In the frieze at the entrance of the Temple of Hadrianus at the ruins of Ephesus, Ephesus's 3,000 year old legend is found with the following sentences: Androklos, the brave son of the Athenian king Kodros, wants to explore the opposite side of the Aegean. First, he consults with the prophets of the Temple of Apollo in the city of Delfi. The prophets tell him that he will establish a city where the fish and pig point. While Androklos thinks the meaning of these words, he sails to the dark blue waters of the Aegean ... When they arrive at the bay at the mouth of the Kaystros (Küçük Menderes) River, they decide to go ashore. While cooking the fish they catch by catching fire, a wild boar coming out of the bushes snatches the fish by escaping. Here is the prophecy. Here they decide to build a city ...

Ephesus, which was the main gate between East and West, was an important port city. This position enabled Ephesus to develop as the most important political and commercial center of its era and to become the capital of the province of Asia in the Roman Period. Ephesus does not only owe its importance in antiquity to this. The largest temple of the Artemis cult, based on the ancient mother goddess (Kybele) tradition of Anatolia, is also located in Ephesus. The Temple of Artemis in Ephesus is considered one of the seven wonders of the world.

B.C. In the 6th century, Ephesus, which was at the forefront with Milet in science, art and culture, brought up famous people such as wise Herakleitos, dreamner Artemidoros, poet Callinos and Hipponaks, grammar scholar Zenodotos, physician Soranos and Rufus.

Architectural works

Since Ephesus has been displaced many times throughout its history, its ruins spread over a wide area of ??approximately 8 kilometers. The ruins in four main regions such as Ayasuluk Hill, Artemision, Ephesus and Selçuk are visited by an average of 1.5 million tourists annually. The main buildings and artifacts in Ephesus, the first city made entirely of marble, are described below:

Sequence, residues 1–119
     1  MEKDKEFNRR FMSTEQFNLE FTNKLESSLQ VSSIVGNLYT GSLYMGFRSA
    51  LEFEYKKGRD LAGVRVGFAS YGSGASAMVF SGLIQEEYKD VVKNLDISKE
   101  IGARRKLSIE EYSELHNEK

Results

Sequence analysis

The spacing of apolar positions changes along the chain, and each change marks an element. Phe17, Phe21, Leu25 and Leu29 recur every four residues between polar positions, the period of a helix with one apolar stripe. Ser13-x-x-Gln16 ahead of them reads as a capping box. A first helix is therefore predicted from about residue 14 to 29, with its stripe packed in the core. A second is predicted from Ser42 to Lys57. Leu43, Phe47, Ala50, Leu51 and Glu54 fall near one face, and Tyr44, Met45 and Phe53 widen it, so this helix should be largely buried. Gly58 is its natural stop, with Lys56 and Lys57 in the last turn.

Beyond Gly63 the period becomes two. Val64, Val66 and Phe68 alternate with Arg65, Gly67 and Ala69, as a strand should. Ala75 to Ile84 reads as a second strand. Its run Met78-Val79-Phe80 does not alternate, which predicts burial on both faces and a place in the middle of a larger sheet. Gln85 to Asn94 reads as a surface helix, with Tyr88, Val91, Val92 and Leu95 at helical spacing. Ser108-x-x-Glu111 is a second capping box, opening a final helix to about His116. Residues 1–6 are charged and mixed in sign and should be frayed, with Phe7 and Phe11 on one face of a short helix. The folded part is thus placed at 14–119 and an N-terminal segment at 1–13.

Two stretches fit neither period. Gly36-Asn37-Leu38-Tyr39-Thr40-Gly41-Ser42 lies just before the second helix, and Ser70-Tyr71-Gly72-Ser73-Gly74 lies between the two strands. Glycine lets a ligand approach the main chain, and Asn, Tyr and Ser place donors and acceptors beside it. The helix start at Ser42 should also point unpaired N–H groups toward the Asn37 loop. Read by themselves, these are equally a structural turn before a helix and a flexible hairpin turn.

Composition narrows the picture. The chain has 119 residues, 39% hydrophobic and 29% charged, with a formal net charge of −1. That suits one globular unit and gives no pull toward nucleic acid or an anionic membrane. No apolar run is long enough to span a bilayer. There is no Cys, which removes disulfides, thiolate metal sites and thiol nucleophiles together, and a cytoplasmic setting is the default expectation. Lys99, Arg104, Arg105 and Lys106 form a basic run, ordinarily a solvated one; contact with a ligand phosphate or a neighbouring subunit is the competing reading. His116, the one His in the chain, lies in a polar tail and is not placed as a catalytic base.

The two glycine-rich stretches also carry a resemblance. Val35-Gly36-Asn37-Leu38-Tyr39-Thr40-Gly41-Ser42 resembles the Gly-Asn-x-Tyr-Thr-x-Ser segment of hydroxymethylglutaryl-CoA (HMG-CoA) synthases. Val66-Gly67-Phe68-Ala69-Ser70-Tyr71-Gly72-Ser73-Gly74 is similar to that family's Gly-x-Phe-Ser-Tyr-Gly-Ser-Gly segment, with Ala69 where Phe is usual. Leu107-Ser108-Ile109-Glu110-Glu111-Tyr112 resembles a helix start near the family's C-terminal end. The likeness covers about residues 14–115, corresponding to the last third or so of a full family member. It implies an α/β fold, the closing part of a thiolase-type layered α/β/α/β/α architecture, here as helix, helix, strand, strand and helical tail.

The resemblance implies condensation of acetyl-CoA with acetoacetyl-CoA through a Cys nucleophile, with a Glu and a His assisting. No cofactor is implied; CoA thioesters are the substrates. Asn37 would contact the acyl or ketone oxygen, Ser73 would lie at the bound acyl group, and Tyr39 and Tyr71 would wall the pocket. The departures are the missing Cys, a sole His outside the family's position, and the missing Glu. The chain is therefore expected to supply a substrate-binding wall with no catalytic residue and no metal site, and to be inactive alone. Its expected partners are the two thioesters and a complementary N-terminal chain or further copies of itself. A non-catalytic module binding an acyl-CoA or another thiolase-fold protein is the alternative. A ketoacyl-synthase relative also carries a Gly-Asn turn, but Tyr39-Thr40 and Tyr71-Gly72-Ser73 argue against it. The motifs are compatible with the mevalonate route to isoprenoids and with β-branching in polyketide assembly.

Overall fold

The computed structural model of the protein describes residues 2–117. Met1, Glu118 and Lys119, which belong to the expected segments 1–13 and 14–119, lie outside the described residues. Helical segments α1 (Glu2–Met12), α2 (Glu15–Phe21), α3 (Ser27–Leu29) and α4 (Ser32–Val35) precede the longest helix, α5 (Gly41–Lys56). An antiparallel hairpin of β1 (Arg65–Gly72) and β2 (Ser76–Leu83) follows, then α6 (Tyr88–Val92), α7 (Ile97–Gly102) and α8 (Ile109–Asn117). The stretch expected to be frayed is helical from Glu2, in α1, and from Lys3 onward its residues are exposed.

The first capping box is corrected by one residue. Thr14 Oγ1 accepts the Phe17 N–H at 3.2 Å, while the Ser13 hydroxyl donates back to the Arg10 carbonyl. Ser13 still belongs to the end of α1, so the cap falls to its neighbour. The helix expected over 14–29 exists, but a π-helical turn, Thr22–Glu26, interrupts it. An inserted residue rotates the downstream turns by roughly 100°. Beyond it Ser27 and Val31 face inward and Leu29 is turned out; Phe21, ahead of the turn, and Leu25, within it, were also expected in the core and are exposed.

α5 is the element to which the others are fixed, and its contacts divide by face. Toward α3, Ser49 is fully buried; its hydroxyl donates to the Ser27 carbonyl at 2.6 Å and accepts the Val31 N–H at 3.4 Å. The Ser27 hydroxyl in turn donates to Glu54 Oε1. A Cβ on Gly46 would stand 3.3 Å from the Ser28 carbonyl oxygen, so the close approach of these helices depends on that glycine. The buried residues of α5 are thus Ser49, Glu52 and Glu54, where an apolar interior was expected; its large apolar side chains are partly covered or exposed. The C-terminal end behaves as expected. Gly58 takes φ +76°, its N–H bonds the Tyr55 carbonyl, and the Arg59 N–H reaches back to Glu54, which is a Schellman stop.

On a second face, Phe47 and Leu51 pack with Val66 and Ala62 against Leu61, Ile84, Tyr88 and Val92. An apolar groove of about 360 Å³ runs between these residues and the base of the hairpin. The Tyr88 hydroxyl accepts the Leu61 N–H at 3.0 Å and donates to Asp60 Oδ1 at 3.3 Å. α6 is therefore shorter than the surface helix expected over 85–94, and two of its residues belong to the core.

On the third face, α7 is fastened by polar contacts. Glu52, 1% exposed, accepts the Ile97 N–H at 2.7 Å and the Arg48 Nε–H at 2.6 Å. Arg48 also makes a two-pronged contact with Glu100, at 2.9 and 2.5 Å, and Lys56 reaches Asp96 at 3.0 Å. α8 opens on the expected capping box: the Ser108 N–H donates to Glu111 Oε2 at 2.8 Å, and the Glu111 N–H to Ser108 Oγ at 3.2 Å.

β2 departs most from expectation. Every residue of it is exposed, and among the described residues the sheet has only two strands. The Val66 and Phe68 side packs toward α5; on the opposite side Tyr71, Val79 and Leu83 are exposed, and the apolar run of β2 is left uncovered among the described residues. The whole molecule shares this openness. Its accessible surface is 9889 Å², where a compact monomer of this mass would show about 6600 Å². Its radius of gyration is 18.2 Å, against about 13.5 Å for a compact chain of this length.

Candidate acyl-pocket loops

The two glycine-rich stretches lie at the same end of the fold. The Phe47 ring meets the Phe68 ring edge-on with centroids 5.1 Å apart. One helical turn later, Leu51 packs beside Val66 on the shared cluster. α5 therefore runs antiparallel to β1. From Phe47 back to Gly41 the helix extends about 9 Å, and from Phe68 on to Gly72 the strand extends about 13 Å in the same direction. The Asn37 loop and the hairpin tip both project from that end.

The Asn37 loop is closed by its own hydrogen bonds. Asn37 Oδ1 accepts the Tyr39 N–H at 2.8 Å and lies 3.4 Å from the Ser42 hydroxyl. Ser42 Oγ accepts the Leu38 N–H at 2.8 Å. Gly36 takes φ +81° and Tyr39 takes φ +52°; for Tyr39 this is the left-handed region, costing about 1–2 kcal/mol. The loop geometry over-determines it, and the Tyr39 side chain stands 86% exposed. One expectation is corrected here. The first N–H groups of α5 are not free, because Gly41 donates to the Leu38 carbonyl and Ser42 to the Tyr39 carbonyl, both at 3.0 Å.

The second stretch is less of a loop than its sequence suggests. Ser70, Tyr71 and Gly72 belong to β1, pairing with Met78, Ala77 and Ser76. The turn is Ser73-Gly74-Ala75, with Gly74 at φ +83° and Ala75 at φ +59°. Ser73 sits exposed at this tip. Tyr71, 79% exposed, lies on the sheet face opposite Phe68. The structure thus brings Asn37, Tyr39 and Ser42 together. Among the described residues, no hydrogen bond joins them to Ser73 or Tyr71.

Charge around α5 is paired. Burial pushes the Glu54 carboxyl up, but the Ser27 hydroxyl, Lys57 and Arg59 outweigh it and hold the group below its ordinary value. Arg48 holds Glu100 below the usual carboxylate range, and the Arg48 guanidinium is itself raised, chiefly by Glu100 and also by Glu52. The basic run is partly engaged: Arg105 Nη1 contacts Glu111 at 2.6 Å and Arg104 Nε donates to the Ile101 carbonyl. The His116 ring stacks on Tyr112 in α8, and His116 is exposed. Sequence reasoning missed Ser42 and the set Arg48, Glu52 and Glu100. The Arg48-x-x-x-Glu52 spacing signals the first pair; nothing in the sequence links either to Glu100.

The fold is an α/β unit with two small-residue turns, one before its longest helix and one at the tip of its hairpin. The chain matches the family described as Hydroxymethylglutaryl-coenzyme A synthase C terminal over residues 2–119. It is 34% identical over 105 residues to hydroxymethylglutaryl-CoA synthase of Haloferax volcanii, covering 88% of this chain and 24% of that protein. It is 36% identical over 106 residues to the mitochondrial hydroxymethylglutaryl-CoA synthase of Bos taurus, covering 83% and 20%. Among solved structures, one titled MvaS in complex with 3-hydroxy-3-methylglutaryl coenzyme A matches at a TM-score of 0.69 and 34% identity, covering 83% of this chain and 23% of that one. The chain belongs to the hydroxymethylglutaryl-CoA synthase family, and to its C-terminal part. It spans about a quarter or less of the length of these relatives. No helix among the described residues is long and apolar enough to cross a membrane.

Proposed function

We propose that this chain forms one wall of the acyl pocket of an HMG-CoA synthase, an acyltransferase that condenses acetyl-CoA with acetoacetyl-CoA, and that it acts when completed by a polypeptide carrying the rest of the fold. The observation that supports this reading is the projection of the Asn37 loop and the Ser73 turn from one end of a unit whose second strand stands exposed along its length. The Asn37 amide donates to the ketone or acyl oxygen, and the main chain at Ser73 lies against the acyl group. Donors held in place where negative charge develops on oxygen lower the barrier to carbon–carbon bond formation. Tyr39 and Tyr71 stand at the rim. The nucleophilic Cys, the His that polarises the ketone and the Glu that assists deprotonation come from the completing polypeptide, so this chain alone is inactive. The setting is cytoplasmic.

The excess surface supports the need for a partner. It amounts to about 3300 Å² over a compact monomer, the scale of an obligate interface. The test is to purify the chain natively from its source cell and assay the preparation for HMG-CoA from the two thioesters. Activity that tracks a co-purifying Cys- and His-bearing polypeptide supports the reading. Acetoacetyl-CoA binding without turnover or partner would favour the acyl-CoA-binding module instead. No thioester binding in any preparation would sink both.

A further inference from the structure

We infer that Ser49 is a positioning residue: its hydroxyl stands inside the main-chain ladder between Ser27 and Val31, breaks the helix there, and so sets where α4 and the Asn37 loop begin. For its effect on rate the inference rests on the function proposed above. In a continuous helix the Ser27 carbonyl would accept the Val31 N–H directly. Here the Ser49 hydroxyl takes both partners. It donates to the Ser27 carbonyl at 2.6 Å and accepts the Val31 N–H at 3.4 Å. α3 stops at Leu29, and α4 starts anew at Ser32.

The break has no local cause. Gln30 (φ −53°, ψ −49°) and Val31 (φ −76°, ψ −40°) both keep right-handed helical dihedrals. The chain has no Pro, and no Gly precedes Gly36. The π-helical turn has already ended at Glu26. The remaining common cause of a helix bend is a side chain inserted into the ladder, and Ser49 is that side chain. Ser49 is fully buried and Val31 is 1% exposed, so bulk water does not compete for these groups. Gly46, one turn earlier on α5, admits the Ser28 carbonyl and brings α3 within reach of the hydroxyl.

The Temple of Artemis:

It is one of the world's seven wonders. It is the first temple of the ancient world built from marble. Its size is 130 x 68 meters and its façade faces west like other Artemis (Mother Goddess) temples.

Magnesia Gate (Upper Gate) and East Gymnasium:

Ephesus has two entrances. One of them is the Magnesia Gate, on the Virgin Mary's House Road, which is the eastern gate of the city walls around the city. The Eastern Gymnasium is right next to the Magnesia Gate at the foot of Mount Panayir. Gymnasion is the school of the Roman Age.

The Odeion

Ephesus had a two-chamber administration. One of them, the Advisory Council meetings, was held in this closed structure and concerts were given. It has a capacity of 1,400 people. For this reason, the structure is also called "Bouleterion".

Upper Agora and Basilica:

Built by Emperor Augustus, it is the place where official meetings and stock market transactions take place. It is in front of Odeion.

Prytaneion (Town Hall):

Prytan served as the city's mayor. Its biggest task was to ensure that the city fire, which symbolizes the immortality of the city in this building with thick columns, does not go out. Prytan assumed this task on behalf of the City Goddess Hestia. Around the hall were statues of gods and emperors. Artemis statues in Ephesus museum were found here and later brought to the museum. The buildings next to it were reserved for official guests of the city.